Proposition 3: Authorizes Bonds to Fund Projects for Water Supply and Quality, Watershed, Fish, Wildlife, Water Conveyance, and Groundwater Sustainability and Storage.
Should the State sell $8.9 billion in bonds to fund projects related to water supply and quality, watershed and fisheries restoration, habitat protection, water conveyance and groundwater sustainability and storage?
California’s water supply faces challenges. The amount and location of available water varies widely from year to year. Unusually wet or dry years can result in local flooding or water shortages. Water may be polluted and unsuitable for any use.
Various government agencies in California spend about $30 billion annually in the water sector. Over three-quarters of that is spent locally and largely paid for by individual ratepayers for water and sewage treatment plants and cleanup of storm runoff. The State and Federal government play a role by creating regional water supply infrastructure and by setting and enforcing water quality standards.
Over the past 17 years voters have approved $31 billion in general obligation bonds for various natural resource projects, including $4.1 billion from Prop. 68 in June 2018. The State has several billion dollars available from those measures, mostly to be used for water quality, supply and infrastructure purposes authorized by Proposition 1 in 2014. The principal and interest on general obligation bonds are repaid from the State’s General Fund, usually over 40 years.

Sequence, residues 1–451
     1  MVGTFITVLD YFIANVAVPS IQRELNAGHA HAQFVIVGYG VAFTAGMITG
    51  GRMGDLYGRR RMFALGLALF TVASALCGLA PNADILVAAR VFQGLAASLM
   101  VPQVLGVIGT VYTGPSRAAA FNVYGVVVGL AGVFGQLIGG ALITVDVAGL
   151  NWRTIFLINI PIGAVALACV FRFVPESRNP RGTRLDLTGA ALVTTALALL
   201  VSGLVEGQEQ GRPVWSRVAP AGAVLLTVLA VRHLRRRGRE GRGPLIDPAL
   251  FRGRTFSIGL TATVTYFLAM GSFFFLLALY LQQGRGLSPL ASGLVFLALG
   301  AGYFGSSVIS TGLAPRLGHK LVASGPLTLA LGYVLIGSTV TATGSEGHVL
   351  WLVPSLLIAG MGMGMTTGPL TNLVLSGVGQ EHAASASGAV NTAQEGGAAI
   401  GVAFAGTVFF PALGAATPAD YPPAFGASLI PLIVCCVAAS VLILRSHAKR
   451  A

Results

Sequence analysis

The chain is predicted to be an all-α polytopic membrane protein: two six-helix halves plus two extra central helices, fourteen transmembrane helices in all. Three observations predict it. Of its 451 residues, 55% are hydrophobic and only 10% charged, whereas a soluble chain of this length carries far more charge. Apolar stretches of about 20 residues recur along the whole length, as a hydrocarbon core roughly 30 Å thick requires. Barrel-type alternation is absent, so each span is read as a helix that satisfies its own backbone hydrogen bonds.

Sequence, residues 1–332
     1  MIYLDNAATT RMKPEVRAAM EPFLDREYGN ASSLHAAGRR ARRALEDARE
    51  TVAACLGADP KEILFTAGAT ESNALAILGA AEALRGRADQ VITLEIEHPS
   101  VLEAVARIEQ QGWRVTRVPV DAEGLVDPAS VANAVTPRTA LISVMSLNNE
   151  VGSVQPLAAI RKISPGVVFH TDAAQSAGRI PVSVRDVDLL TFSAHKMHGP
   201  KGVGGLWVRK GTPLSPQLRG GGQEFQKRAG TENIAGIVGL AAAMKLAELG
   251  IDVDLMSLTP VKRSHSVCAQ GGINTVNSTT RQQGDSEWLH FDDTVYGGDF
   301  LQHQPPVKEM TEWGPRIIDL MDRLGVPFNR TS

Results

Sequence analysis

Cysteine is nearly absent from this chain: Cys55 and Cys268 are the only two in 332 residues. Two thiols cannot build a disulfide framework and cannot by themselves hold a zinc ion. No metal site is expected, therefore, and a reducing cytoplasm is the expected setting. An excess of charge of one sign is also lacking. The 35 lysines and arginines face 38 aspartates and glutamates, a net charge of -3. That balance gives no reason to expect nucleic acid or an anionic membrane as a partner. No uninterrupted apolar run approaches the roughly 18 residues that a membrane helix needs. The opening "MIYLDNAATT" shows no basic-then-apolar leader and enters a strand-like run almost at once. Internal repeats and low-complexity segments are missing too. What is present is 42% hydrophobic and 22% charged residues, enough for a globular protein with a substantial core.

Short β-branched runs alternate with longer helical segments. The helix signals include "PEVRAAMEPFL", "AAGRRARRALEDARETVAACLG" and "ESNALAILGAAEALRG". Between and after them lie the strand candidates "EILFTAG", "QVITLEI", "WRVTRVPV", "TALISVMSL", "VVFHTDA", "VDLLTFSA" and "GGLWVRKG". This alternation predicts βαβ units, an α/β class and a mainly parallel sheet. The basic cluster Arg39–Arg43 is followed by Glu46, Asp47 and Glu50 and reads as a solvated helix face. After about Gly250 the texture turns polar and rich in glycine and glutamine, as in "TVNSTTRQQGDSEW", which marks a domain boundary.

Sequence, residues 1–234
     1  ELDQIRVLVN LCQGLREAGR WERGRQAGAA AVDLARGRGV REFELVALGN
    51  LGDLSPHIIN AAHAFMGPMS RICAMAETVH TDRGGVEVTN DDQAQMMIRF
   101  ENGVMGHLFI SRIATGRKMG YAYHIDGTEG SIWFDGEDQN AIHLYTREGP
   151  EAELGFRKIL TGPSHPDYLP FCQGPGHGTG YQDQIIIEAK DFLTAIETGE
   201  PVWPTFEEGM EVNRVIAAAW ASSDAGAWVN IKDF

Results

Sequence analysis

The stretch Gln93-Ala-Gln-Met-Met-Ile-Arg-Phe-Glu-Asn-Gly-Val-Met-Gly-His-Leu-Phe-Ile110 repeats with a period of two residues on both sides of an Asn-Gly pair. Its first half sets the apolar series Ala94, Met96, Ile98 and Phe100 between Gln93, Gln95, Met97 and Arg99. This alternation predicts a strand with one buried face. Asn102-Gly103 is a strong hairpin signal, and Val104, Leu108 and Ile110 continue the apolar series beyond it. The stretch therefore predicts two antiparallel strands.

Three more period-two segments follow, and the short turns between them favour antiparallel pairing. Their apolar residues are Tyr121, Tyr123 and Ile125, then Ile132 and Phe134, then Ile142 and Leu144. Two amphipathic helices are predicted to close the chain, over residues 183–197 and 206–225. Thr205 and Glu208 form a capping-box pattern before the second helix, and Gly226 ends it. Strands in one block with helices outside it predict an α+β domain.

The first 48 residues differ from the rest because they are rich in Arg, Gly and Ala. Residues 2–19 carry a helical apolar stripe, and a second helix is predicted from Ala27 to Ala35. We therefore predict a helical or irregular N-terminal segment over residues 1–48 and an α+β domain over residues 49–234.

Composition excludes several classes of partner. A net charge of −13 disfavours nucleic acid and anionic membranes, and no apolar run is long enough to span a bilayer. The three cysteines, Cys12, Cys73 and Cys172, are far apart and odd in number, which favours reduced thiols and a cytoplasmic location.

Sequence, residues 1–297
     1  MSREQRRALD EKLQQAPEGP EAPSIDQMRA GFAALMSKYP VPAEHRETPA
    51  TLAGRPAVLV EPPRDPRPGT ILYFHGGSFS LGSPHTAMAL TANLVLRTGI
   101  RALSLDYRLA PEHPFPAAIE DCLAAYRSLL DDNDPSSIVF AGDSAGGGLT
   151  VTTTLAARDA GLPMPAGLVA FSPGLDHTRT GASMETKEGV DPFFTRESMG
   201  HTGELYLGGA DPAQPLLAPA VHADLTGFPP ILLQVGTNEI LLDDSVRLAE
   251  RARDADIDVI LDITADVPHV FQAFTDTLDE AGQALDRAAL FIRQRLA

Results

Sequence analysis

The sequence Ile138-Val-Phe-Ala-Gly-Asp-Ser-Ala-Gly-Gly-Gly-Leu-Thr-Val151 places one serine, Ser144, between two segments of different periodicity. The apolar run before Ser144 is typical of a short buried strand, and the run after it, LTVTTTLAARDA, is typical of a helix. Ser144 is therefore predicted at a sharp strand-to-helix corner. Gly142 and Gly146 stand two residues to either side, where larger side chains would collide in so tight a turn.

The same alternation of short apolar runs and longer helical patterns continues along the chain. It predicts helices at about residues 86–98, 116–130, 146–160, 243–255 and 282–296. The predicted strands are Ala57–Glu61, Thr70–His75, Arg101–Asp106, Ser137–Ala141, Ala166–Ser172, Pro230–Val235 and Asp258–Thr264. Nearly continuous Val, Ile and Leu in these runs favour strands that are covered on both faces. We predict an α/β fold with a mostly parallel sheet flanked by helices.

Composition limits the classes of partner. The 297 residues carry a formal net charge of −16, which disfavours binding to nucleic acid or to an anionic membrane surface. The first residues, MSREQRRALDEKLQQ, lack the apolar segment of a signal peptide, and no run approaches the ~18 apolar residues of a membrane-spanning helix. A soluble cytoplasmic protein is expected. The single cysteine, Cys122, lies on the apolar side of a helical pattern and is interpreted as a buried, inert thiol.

This measure authorizes $8.9 billion in general obligation bonds for various water-related programs and projects. The proposition’s broad spending categories include:
- Water supply and quality - $ 2.1 billion;
- Fish and wildlife habitat $1.4 billion;
- Water facility upgrades for specific projects in the Central Valley, Bay Area, and Oroville Dam, - $1.2 billion;
- Groundwater recharge and storage projects - $1.1 billion;
- Watershed lands improvement - $2.5 billion
Most funds will be distributed as grants to agencies that must provide equal matching funds. The measure provides reduced cost-sharing requirements for projects benefitting disadvantaged communities.
Bond repayment is expected to cost the State an estimated $17.3 billion over 40 years. The effect on local governments will depend on the size of any grant received. Savings are recognized because a grant reduces the local share of a project’s cost. However, a project could also increase future operating costs, such as for a new desalination facility. The annual net effect on local governments and ratepayers is likely to be small.